Sundays and Cybele (1962): Serge Bourguignon’s French Oscar Winner, Starring German Actor Hardy Kruger (War, Amnesia)

The charming French film, Sundays and Cybele, directed and co-written by Serge Bourguignon, is based on a novel by Bernard Eschasseriaux, who also collaborated on the screenplay.

Grade: A- (**** out of *****)

Sundays and Cybele
Original poster of Sundays and Cybele..jpg

Original French poster 1962

The film’s original French title is Les dimanches de Ville d’Avray (Sundays in Ville d’Avray), referring to the Ville-d’Avray suburb of Paris.

A German soldier (played by Hardy Kruger), who had suffered emotional and mental damages from a plane crash during the French Indochina War, is mistaken to be the father of a young girl in a French boarding school.

The story centers on the intimate, unlikely friendship that evolves between the girl and the German, who spend most of their Sundays together.

Things change when his nurse spots him in the forest with the girl, leading to some tragic results.

Narrative Structure: Tragic Ending (Spoiler Alert)

Pierre suffers from amnesia after war-time accident in which he might have killed a young Vietnamese girl while crash-landing his stricken plane. His nurse, Madeleine, lives with him in a low-key but potentially romantic relationship.

When Pierre befriends Cybèle, a young girl in distress as her father is dropping her off at an orphanage. They are both lonely, childlike, and in need of a supportive friend.

Eventually, he pretends to be the girl’s father, which allows her to escape the locked orphanage for a day. From that point on, he shares every one of his Sundays with her for months.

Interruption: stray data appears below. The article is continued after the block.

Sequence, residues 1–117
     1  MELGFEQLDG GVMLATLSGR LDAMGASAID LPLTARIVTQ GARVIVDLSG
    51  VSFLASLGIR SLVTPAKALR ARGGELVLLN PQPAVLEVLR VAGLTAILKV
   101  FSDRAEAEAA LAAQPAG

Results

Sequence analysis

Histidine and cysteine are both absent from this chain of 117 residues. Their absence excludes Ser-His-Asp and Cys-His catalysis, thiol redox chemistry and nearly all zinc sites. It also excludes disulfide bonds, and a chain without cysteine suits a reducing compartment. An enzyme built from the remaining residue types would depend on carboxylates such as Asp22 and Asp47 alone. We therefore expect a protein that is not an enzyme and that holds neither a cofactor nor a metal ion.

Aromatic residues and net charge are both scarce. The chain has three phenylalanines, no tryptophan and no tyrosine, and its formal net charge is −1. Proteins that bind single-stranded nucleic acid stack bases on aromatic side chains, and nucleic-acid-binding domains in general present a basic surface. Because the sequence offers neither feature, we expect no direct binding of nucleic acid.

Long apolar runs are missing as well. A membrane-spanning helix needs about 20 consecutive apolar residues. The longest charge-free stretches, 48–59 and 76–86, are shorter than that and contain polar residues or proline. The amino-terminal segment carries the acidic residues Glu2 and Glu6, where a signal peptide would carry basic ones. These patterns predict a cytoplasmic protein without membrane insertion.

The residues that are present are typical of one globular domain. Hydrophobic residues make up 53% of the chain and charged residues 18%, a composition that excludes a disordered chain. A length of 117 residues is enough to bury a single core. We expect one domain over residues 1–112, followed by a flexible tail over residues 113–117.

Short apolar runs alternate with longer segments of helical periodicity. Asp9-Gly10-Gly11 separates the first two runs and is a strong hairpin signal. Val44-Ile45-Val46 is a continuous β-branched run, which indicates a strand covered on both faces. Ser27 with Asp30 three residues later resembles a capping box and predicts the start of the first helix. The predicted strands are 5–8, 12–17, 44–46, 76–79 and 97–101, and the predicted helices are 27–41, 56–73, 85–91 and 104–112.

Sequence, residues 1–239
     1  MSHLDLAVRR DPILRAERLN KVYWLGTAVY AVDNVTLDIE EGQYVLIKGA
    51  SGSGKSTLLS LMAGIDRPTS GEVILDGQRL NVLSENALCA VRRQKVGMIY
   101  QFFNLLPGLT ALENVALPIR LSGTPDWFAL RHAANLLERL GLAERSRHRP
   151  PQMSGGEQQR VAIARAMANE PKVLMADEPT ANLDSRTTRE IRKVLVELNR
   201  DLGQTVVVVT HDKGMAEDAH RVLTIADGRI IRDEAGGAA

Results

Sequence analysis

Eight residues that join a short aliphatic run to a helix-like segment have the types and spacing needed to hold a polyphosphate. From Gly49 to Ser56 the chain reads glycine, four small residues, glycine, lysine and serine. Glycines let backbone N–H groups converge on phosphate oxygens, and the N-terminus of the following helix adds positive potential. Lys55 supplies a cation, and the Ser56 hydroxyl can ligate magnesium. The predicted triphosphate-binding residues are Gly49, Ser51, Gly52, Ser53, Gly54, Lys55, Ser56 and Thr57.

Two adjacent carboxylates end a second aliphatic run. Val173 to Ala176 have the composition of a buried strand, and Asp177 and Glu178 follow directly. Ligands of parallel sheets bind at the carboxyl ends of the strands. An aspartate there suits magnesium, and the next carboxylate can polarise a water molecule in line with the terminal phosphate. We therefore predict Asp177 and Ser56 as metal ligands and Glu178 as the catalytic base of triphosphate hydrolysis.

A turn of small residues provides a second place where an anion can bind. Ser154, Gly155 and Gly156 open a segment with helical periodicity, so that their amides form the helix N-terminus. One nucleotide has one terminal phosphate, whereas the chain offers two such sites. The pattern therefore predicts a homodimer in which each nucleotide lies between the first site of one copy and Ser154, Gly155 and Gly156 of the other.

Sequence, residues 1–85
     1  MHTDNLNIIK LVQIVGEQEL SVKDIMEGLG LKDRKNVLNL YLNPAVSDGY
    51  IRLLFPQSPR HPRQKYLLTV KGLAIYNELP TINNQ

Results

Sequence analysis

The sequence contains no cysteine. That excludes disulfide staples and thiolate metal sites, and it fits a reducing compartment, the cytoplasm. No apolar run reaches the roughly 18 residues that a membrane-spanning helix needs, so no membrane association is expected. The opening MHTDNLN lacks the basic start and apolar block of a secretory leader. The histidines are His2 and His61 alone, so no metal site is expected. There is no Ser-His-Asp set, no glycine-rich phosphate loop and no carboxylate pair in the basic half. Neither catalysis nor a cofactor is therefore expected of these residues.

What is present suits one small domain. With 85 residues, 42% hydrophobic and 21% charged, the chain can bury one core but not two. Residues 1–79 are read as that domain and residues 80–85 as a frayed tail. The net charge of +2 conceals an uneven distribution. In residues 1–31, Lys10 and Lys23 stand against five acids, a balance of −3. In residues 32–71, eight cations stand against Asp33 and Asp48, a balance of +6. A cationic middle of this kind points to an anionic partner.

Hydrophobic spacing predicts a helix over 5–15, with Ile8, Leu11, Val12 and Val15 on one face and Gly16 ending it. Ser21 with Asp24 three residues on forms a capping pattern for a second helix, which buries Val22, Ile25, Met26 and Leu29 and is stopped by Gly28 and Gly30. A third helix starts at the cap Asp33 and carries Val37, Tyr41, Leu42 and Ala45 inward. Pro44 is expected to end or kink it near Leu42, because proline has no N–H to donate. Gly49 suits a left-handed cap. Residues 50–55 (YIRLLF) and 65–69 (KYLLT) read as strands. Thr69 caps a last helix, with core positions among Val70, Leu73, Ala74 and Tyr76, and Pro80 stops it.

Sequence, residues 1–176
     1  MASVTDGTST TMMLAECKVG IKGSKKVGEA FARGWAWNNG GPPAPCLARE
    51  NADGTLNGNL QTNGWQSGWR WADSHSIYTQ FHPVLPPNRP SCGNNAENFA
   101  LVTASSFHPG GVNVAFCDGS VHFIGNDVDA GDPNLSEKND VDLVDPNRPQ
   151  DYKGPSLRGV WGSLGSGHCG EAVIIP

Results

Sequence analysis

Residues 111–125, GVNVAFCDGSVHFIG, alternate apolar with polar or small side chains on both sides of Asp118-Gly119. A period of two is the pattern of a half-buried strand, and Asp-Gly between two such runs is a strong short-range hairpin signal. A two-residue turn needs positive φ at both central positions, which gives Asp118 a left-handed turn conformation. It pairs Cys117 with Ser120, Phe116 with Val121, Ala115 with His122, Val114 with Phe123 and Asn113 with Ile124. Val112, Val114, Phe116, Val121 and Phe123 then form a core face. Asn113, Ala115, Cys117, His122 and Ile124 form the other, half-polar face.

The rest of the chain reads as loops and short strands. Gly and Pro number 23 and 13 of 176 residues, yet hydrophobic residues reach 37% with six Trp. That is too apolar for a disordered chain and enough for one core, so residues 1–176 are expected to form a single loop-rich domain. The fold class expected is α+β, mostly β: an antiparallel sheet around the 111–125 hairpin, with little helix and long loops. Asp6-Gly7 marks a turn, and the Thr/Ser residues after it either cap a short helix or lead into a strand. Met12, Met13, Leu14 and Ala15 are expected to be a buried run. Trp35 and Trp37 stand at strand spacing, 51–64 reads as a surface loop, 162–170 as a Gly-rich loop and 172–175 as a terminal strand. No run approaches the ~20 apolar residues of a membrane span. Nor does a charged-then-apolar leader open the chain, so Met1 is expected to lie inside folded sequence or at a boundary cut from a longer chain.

Pierre conceals his friendship with Cybèle from Madeleine, but she eventually finds out, and tells Bernard, a doctor who has a romantic interest in her. Bernard assumes the girl to be in danger, and notifies the police, who adopt the same assumption.

Pierre has nothing to give Cybèle for Christmas, so he accepts her facetious challenge to bring her the metal rooster from the top of a Gothic church near the orphanage. While Cybèle falls asleep, awaiting Pierre for their Christmas together in the snow-covered park’s gazebo, the former pilot musters the nerve to climb the 300-foot steeple. With his knife as a tool to unscrew the rooster, he brings it down.

As he returns to Cybèle, with the metal rooster and his knife in his hands, the police arrive and shoot him dead to “protect” the child, whom they had imagined to be in danger.

In the last scene, Cybèle awakens to the horror of seeing her only friend dead, and bursts crying in anguish.

Oscar Nominations: 3

Foreign Language Film

Screenplay (Adapted): Serge Bourguignon and Antoine Tudal

Scoring: Maurice Jarre

Oscar Awards: 1

Foreign Language Film

Oscar Context

The winner of the Best Screenplay Oscar was John Osborn for “Tom Jones,” which also won Best Picture. Billy Wilder’s “Irma La Douce” received the Scoring Award.

The French feature won the foreign language Oscar in a contest that included “Electra” from Greece, “The Four Days of Naples” from Italy, “The Keeper of Promises” (aka “The Given World”) from Brazil, and “Tlayucan” from Mexico.

Critical Status:

Sundays and Cybele also won the Best Foreign Language Film from the National Board of Review (NBR).

Hardy Krüger as Pierre
Nicole Courcel as Madeleine
Patricia Gozzi as Cybèle/Françoise
Daniel Ivernel as Carlos
André Oumansky as Bernard


Directed by Serge Bourguignon
Produced by Romain Pinès
Screenplay by Serge Bourguignon, Antoine Tudal, Bernard Eschassériaux, based on Les dimanches de Ville d’Avray by Bernard Eschassériaux
Music by Maurice Jarre
Distributed by Davis-Royal

Columbia Pictures

Release date: November 12, 1962

Running time: 110 minutes.